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Roy Moore’s Children’s Crusade?

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Roy Moore besmirches the Republican name and that is the reason his support outside his Alabama base (and Bannonites generally) is so thin. Sexual misconduct allegations are flying around all over the place these days as former mores for behavior between the sexes find no purchase in our modern world of heightened sensitivities and easily offended sensibilities, the world of social media accelerating the collapse of behavior that once seemed acceptable or no big deal (sexually loaded banter, come-ons, etc., in the work place). Even dating younger girls was once no big deal and this was especially so in the American South. But nowadays, men can’t even contemplate making sexually charged allusions to grown women unbidden in a non-intimate setting, let alone to teenagers. (Oddly enough there is less outrage about such things when they happen in other cultures than in ours but then this IS about our culture, isn’t it? A double standard for the West vs. everyone else hardly seems to matter anymore.)

But Roy Moore was a real jerk to begin with, having been forced out of his position as Alabama Supreme Court Chief Justice twice for flaunting the law. Apparently he has significant appeal among Alabamans, particularly among Alabamans who have adopted the Republican Party as their political home, but he is anathema to most Republicans outside his home state for his moral self-righteousness. Discovering that he had made sexual passes at teenage girls in his past, while in his thirties, resonates with many Republicans who loathed the idea of his nomination in the first place.

Like Donald Trump’s own nomination, Moore’s was driven by a base that wants to stick its collective finger in the eye of those in the GOP who don’t tow their line. Moore’s nomination, driven by Steve Bannon, erstwhile Trump senior aide and past and current populist right wing bomb thrower, has tapped into this angry sensibility and is trying to turn it into a tidal wave by pushing characters like Moore into Congress. Moore is the spearhead of Bannon’s new crusade.

Trump succeeded, against all odds and it seemed as if Moore would, too. Indeed, he still may because Republicans seem to have little alternative if they want to hang onto majority control of the Senate. But how can Republicans in good conscience back a man like Moore, especially now, in light of evidence he has behaved in a way that no longer seems culturally kosher to contemporary sensibilities? Not only is dating girls half your age just entering their maturity inappropriate but there are allegations he behaved in a fashion with some of them that isn’t even appropriate with women closer to one’s own age.

I do think we have gone overboard in our outrage at sexual innuendos, once par for the course in our society, but there have always been abuses and some of the allegations against Moore suggest he may have been guilty of some of them. A better candidate might warrant the benefit of the doubt, even of lots of doubt. There’s no question politics is a contact sport, as they say, and many politicians find themselves on the receiving end of such allegations. Unless we want to return to the puritanism of our colonial past, we should be careful about pumping up the outrage over things like this and making asexuality the standard for public office.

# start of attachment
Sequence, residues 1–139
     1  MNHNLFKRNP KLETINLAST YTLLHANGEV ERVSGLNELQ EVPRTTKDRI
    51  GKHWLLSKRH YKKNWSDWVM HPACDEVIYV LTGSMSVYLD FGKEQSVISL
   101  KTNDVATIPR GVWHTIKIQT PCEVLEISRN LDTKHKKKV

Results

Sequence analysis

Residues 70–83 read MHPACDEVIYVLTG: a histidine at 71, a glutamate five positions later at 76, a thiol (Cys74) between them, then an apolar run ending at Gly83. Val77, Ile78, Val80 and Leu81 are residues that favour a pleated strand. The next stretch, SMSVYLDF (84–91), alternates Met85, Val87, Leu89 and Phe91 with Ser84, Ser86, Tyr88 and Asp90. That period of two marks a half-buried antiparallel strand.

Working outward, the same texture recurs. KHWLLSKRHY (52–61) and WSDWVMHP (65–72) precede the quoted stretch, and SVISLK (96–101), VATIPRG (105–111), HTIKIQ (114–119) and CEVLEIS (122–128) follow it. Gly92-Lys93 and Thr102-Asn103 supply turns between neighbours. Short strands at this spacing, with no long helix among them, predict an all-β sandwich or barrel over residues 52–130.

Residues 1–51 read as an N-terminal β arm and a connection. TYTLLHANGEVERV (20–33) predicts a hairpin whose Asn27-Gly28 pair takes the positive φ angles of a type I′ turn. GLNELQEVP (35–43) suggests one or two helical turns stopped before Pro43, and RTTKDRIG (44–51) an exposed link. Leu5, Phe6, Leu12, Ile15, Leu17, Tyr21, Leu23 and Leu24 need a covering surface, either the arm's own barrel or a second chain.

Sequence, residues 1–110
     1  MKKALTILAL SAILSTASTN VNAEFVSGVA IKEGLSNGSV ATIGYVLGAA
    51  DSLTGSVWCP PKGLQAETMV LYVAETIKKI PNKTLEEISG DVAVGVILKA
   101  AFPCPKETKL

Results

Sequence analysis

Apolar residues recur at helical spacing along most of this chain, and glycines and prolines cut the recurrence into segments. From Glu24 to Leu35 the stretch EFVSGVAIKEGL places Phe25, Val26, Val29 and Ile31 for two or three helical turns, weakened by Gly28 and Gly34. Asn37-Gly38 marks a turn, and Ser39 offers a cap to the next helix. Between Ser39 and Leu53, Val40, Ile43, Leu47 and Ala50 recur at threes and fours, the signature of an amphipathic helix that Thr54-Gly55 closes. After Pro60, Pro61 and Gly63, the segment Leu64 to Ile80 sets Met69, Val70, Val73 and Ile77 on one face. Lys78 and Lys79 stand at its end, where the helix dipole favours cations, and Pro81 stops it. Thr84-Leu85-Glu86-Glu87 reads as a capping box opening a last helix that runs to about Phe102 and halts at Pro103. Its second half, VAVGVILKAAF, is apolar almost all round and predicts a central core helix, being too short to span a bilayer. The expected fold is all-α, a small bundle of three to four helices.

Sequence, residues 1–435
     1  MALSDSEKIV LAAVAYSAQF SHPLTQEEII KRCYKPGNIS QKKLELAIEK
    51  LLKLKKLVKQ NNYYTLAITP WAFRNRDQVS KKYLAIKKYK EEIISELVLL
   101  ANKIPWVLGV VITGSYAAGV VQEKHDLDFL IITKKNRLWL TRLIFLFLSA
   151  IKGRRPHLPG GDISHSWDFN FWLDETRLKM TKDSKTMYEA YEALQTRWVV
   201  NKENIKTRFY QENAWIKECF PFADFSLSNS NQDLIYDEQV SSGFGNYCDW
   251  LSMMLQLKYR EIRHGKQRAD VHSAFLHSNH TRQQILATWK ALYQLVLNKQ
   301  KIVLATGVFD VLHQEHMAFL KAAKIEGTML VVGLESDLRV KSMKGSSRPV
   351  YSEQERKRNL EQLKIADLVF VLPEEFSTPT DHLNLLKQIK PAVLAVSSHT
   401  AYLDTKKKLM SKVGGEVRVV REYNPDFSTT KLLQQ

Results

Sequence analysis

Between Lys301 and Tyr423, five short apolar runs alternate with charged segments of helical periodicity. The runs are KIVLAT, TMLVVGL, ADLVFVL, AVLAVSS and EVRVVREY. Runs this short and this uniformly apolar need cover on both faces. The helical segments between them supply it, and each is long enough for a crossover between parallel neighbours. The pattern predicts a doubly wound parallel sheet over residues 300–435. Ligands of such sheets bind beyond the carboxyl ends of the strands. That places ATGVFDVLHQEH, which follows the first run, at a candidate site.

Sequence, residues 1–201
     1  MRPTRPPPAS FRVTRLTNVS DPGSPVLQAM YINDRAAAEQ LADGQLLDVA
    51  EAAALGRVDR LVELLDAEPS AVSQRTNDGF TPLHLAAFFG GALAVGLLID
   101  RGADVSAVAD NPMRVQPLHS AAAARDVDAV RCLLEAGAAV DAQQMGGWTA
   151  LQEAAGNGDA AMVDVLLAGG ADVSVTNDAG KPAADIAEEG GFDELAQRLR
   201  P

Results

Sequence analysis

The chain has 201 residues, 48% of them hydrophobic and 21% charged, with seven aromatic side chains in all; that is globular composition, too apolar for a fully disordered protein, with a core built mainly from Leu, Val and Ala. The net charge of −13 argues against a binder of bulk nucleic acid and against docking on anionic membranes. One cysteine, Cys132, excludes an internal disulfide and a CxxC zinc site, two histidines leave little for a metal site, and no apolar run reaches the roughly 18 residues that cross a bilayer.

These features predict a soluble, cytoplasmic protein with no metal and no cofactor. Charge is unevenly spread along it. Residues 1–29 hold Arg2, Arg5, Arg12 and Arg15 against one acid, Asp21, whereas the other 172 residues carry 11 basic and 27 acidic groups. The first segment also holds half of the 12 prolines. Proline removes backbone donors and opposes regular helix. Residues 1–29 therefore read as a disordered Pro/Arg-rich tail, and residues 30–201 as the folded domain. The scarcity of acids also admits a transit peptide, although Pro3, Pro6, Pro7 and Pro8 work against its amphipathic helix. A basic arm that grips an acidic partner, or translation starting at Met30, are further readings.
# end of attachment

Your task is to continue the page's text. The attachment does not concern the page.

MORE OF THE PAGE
But Moore doesn’t deserve our doubt. He is a bad example of Republican office seekers and Steve Bannon a danger to the GOP and the nation should he succeed in driving moderates and principled conservatives from the party they currently call home. Just as the GOP forfeited its chance to achieve a Senate majority back in 2012 when Tea Party activists forced nominees on the GOP who had dabbled in witchcraft or thought some kinds of rape “legitimate” (in fairness he may have only meant cases which could legitimately be described as “rape” but even that was either inarticulate or insensitively put) and handed Harry Reid an easy win in Utah because of another divisive candidate, it seems like Bannon is set to do it again.

So Republicans should divest themselves of Moore before the American voting public divests itself of them. He likely won’t step down, though, and could actually win given the substantial Republican majority in Alabama, in which case Republicans will have had a real stink bomb lobbed onto the Senate floor by Alabamans. At some point the GOP will no longer be able to hold itself together. Is Moore the breaking point?

About Stuart W. Mirsky

Stuart W. Mirsky, a former New York City official who last served as Assistant Commissioner for Operations in the New York City Department of Health and Mental Hygiene before retiring in 2002, wrote a column, "The Rockaway Irregular," for The Wave, a south Queens based weekly, for more than a decade (until Hurricane Sandy changed the equation). He is an original founder of the Rockaway Republicans, one of the most active Republican groups in southern Queens, and author of a number of books, including The King of Vinland's Saga, an historical novel of the Norse in 11th century North America, A Raft on the River, a memoir of Holocaust survival, and Choice and Action, a work of contemporary philosophy addressing the implications of relativism and nihilism for our moral beliefs.

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